Denali AKA Mt. McKinley


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"The stretch of road south of Anchorage on the Seward Highway to Portage is known as   
'Turnagain Arm.' You can see waterfowl, bears, sheep, goats, beluga whales, seals --
as well as beautiful mountain and ocean vistas in the setting sun."
~ Anchorage: Bearfoot Guide to the City, Summer 2012 edition, p. 16

We decided to drive down to Portage Valley this morning with just the truck so Jim could check out the shoulders along the Seward Hwy.

He wanted to do a long bike ride later this week from the south part of Anchorage to the visitor center past Williwaw Campground on Portage Valley Rd. but decided there's too much traffic -- and it'll get worse by Friday because of the upcoming holiday weekend.

He concluded that he'll just have to continue doing long rides at JBER and on Anchorage's great network of bike paths. He's training for a 100-mile bike race in a couple weeks.

The drive along Turnagain Arm is gorgeous when the sun is out and the tide is high.

This morning the tide was high but the only sun was back in Anchorage. However, the clouds and rain we saw to the north (Chugach Mountains), south (more Chugach Mountains on the Kenai Peninsula), and east toward Portage Valley made for some dramatic photos.



The Alaska RR track follows the highway to Portage; this is Beluga Point.

The biggest problem on this road is all the traffic.

Even on a rainy weekday, traffic along the narrow, curving road is pretty heavy. Weekends are worse. Tourists are totally distracted by the scenery and locals are impatient -- a recipe for wrecks, which are frequent here.

We could see rain in Portage Valley before we got there. That put the kabosh on hiking the Trail of Blue Ice or at Byron Glacier, two places we really enjoyed in 2012. 




Above and below:  Several glaciers in Portage Valley are visible before you get there.


We spent quite a while investigating sites at Williwaw Campground. We have a reservation for a site for two days in early August before we go to Seward and for three days after Seward. We concluded that site is probably going to be too narrow and difficult for us to get in.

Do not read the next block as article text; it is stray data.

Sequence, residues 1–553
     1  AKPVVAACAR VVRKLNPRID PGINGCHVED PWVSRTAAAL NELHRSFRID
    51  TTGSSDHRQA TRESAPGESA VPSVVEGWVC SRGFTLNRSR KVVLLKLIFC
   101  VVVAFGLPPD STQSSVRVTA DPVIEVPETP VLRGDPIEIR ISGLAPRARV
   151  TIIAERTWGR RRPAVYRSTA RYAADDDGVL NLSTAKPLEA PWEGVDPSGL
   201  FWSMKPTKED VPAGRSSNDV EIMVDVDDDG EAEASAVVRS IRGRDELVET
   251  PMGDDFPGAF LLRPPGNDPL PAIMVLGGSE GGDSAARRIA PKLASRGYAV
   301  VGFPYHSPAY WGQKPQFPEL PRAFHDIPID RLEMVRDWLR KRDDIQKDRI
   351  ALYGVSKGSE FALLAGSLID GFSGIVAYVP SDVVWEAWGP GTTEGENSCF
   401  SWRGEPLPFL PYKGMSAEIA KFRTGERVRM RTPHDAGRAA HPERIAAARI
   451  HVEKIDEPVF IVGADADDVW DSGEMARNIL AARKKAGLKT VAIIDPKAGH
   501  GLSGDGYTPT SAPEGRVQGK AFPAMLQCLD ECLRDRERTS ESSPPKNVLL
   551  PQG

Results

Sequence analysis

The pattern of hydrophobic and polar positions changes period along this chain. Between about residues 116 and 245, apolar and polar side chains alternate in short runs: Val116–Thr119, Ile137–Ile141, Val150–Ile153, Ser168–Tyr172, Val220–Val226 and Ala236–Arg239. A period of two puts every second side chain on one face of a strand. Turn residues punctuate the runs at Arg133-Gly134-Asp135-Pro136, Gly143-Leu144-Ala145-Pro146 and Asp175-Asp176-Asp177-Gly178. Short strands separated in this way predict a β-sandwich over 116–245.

Only about 20 of the 60 sites can be reserved. Jim wanted the security of having a site reserved so we did that online several months ago. Even though we looked at the sites on Google Earth they look different in person.

We drove through the campground loops three times, noting sites that were long enough and had good access for our 36-foot 5th-wheel coach and truck.

One of the hanging glaciers in the valley is visible from the campground.

It costs almost as much to change a reservation as our half-price Olde Phart National Forest Service site fee so we decided to leave the reservations as is and hope to get a non-reservable site that's larger when we arrive each time. The host and his wife said the campground has had plenty of sites available on weekdays so far this summer.

Fingers crossed.

Clouds obscure most of Twentymile Glacier between Portage and Girdwood.

We put off doing two other things on our list for this day trip, too.

It was raining on our way back to Anchorage so we didn't drive back to the Crow Pass trailhead at Girdwood. It's several miles off the highway and we didn't know the condition of the road in the rain. We also didn't walk as planned at Potter's Marsh because dogs aren't allowed on the boardwalks or trails. We forgot about that.

Although it sounds like this day trip was a bust, we enjoyed the dramatic scenery. It was quite different from the sunnier trips we had on this road in 2012.

It was mostly sunny when we got back to Anchorage today at lunchtime. We did some shopping, then spent time hiking and riding our bikes in the afternoon and evening. The weather can change quickly in Alaska's microclimates.

Next entry:  Bodenburg Butte evening hike

Happy trails,

"Runtrails & Company" - Sue Norwood, Jim O'Neil, Cody the ultra Lab, and Casey-pup

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2015 Sue Norwood and Jim O'Neil